Dominion Energy, a large utility in Virginia, is moving ahead with a large wind farm, consisting of 176 turbines, and is spending $625 million on the first U.S.-built ship capable of hauling the more than 300-foot-long blades and other components for wind turbines out to sea. The new 472-foot-long ship, Charybdis, is months behind schedule and will cost the utility about 25 percent more than initially projected. A longstanding federal law, the Jones Act, requires that only domestically built, owned and staffed ships can operate in U.S. waters. Charybdis will be able to carry four to eight wind turbine components at once, depending on the size of the pieces. The ship’s crane can lift 2,200 tons — roughly the weight of six Boeing 747 jets. With the ship, the company would be able to set up one turbine a day. In 2020, it took the company a year, installing two offshore turbines because the company had to use European ships that it operated from a port in Nova Scotia, more than 800 miles away. The Charybdis, which is being built in Brownsville, Texas, is about 70 percent complete, and Dominion expects to have it available for Orsted’s Revolution Wind project, near the Connecticut coast. The ship would then move to Dominion’s Virginia project, which the company plans to complete by the end of 2026.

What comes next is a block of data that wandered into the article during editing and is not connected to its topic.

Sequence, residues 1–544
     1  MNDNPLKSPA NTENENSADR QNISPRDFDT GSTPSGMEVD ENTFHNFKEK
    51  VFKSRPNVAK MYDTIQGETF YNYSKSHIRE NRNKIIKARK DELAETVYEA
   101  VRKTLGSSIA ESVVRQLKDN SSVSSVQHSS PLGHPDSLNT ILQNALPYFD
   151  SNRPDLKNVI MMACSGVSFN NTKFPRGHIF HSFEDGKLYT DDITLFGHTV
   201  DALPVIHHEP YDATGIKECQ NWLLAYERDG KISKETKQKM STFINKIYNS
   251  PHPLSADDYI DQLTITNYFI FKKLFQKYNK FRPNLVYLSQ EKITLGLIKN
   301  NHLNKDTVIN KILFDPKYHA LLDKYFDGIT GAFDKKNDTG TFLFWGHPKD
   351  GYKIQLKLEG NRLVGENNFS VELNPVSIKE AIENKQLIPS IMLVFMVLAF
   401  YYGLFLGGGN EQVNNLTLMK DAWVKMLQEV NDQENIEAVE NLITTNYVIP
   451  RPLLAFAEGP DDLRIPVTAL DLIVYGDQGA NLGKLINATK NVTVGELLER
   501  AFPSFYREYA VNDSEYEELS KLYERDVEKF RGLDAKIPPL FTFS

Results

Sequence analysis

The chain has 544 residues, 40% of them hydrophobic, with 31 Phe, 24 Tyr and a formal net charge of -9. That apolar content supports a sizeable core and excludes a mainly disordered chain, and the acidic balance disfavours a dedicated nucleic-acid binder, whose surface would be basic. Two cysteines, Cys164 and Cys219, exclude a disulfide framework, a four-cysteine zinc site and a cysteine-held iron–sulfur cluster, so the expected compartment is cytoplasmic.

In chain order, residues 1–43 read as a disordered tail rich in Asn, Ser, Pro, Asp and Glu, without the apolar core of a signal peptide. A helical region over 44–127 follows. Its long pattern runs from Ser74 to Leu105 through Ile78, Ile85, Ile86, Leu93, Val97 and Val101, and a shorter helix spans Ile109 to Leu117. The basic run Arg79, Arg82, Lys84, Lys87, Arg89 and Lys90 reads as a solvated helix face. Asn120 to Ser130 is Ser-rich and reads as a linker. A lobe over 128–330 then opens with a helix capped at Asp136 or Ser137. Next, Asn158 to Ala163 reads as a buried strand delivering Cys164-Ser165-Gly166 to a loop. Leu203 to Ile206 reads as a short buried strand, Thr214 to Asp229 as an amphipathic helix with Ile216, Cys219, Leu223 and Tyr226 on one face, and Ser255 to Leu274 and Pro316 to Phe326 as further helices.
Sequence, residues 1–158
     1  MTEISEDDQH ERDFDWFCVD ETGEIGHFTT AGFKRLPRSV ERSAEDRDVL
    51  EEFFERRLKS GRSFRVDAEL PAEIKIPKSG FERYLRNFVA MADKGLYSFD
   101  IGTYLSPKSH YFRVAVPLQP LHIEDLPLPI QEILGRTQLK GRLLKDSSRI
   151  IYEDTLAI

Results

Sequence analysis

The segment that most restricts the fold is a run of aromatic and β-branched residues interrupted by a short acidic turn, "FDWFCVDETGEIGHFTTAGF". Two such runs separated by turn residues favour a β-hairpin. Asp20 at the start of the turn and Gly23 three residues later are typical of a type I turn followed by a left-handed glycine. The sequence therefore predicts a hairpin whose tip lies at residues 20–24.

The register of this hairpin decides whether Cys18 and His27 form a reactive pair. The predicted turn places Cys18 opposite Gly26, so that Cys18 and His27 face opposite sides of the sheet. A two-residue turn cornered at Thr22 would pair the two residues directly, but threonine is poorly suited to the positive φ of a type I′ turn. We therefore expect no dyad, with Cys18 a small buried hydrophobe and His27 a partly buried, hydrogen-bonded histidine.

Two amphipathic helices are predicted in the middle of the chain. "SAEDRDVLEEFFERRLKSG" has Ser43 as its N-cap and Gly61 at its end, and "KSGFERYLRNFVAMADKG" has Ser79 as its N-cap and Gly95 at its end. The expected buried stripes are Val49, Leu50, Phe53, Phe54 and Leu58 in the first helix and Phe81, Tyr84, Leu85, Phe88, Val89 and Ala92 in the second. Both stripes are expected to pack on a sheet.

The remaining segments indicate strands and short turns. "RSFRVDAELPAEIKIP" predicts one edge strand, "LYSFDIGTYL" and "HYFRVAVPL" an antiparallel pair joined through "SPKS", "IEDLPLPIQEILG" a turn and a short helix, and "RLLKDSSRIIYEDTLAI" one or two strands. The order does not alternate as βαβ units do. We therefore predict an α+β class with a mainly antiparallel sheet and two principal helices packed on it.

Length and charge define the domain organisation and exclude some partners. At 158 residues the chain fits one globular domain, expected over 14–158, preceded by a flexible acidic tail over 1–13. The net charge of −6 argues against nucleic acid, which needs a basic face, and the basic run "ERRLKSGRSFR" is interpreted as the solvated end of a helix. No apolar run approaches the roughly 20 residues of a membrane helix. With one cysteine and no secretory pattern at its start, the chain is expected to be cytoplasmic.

Another offshore wind project is calling it quits as inflation, interest rates, supply chain issues and legal challenges are making it too expensive and difficult to proceed. This project is a demonstration project in Lake Erie, off Ohio, that would have been the first offshore wind project in fresh water. Offshore wind is facing problems resulting in only half of President Biden’s goal for offshore wind able to be reached by 2030. Rather than 30 gigawatts, it is more likely that 15 gigawatts of offshore wind power will be erected. Wind developers are canceling projects because they cannot make the technology economic at the original rates in their contracts, paying fines instead. They plan to rebid as several states were not willing to renegotiate existing contracts higher.